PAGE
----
(3) Require all active employees, new and existing, to earn pensions from now on according to lower benefit formulas that are financially sustainable.  Benefits: This program will create immediate significant reductions to required annual contributions.  Drawbacks: It still creates two tiers of employees, favoring veteran employees and retirees, because it does not retroactively reduce any formulas or benefits. Also, even though this reform only impacts future pension benefit accruals, by affecting existing employees it is an allegedly unconstitutional violation of “vested contractual rights.” An example of this reform is the state pension reform initiative “Pension Reform Act of 2014” (text) championed by San Jose Mayor Chuck Reed – and probably tabled till 2016, thanks to the power of public sector unions and their political partners, the public employee pension funds.

(4) Suspend cost-of-living adjustments for all pensions for all retirees collecting in excess of, say, $75,000 per year, and concurrently, lower pension formulas on a pro-rata basis, retroactively affecting vested pension benefits and prospectively affecting ongoing pension accruals, for all new and all existing employees, by the additional amount necessary to restore 100% solvency to the fund. Benefits: Solves the problem overnight, and spreads the sacrifice equitably among ALL public servants, rather than punishing the new employees to protect the veterans. Drawbacks: There are legal arguments supporting the position that such measures violate “vested contractual rights.” For examples of this option, look to Detroit and Rhode Island. But the sooner this option is exercised, the less onerous the sacrifices.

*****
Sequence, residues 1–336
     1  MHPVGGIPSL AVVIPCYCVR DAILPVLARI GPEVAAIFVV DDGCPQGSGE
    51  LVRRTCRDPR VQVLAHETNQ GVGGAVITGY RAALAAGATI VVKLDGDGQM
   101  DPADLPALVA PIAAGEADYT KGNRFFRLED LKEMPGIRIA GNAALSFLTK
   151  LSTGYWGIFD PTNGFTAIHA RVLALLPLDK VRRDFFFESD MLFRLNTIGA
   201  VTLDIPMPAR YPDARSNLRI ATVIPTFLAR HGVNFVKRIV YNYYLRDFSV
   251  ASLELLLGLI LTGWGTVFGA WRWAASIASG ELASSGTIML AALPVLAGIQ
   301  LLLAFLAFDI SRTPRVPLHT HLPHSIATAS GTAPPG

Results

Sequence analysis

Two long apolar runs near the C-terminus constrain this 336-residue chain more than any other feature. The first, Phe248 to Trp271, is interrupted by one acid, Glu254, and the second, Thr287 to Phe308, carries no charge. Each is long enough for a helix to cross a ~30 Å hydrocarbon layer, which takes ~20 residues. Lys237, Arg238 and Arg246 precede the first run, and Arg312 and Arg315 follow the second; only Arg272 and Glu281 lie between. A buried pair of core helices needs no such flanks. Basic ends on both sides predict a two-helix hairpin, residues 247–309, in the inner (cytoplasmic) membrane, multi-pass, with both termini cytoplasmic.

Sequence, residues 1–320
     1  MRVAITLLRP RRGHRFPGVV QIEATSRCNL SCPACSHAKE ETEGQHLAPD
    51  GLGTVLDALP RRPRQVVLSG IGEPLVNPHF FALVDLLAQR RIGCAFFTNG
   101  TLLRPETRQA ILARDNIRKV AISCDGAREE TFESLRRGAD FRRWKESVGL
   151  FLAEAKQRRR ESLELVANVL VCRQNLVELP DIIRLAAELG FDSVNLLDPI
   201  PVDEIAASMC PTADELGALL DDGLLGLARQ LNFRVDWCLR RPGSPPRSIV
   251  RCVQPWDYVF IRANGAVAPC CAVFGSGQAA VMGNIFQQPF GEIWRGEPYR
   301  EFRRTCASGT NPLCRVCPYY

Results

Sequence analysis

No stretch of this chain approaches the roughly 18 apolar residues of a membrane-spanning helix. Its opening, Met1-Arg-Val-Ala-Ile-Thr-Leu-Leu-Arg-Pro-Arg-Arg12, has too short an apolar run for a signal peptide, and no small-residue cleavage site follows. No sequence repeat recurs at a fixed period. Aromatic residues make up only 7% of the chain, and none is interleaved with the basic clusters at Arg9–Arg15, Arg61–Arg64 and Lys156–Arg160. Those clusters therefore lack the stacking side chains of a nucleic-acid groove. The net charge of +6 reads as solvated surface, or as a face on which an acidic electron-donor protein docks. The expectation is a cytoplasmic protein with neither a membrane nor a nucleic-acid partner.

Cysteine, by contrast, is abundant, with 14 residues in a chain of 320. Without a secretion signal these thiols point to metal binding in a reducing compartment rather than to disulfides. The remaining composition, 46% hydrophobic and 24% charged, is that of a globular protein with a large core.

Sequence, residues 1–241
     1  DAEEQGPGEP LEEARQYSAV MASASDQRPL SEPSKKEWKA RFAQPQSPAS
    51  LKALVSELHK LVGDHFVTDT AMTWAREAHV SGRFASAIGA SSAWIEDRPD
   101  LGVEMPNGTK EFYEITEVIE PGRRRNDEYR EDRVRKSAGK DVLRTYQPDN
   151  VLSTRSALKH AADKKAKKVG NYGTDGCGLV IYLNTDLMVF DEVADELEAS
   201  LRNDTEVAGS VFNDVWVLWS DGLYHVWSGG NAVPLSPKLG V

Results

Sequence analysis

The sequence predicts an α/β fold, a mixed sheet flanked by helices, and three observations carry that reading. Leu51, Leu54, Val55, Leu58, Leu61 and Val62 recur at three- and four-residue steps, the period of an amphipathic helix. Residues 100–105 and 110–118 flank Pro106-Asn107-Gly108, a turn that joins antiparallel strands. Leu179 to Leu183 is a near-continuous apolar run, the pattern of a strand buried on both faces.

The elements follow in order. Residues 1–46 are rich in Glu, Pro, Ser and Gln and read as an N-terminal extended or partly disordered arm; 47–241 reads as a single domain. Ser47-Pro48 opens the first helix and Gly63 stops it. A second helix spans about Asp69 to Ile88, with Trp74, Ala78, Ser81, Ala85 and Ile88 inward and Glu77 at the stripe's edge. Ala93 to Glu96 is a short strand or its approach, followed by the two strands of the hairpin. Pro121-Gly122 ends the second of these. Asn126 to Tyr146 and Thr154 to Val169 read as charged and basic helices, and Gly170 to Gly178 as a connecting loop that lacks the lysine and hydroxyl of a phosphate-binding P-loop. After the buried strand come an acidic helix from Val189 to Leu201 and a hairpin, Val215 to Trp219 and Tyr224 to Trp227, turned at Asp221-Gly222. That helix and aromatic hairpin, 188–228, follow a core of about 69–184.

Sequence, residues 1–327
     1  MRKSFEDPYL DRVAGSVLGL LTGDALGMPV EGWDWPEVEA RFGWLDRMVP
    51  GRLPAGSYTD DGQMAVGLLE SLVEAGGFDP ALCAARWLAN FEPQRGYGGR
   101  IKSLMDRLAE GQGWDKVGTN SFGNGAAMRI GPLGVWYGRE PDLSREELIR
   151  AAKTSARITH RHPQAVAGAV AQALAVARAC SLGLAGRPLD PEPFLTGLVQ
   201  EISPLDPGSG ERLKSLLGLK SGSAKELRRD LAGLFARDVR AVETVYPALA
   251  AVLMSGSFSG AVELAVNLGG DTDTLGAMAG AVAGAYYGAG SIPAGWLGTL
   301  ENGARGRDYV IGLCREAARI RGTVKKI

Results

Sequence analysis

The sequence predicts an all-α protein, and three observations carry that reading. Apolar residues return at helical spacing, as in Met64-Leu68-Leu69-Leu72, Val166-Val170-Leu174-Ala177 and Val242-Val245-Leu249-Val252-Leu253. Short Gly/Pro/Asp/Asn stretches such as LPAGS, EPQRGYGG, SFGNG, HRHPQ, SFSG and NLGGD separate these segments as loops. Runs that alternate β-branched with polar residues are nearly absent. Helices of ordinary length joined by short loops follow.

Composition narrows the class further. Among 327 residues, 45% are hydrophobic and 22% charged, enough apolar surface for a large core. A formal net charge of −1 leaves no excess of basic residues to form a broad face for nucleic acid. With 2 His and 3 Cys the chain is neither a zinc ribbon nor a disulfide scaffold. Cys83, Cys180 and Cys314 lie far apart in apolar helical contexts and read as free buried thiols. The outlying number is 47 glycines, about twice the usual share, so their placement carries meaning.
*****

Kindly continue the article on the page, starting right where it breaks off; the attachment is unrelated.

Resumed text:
An aside: It’s funny how the questionable legality of retroactive pension benefit enhancements never bothered the defenders of defined benefits.

What defenders of defined benefit pensions such as Rick Shimmel should consider is this:  What options three and four accomplish – however unpleasant they may be to veterans accustomed to the current system – is preservation of the defined benefit. What option four offers is conversion to an “adjustable defined benefit” that “adjusts,” whenever necessary, in a manner that preserves solvency, protects taxpayers, and spreads the sacrifice among all participants – new hires, active veterans, and retirees – in an equitable manner, minimizing the sacrifice any single class of participants might have to experience. Social Security, by the way, is an adjustable defined benefit.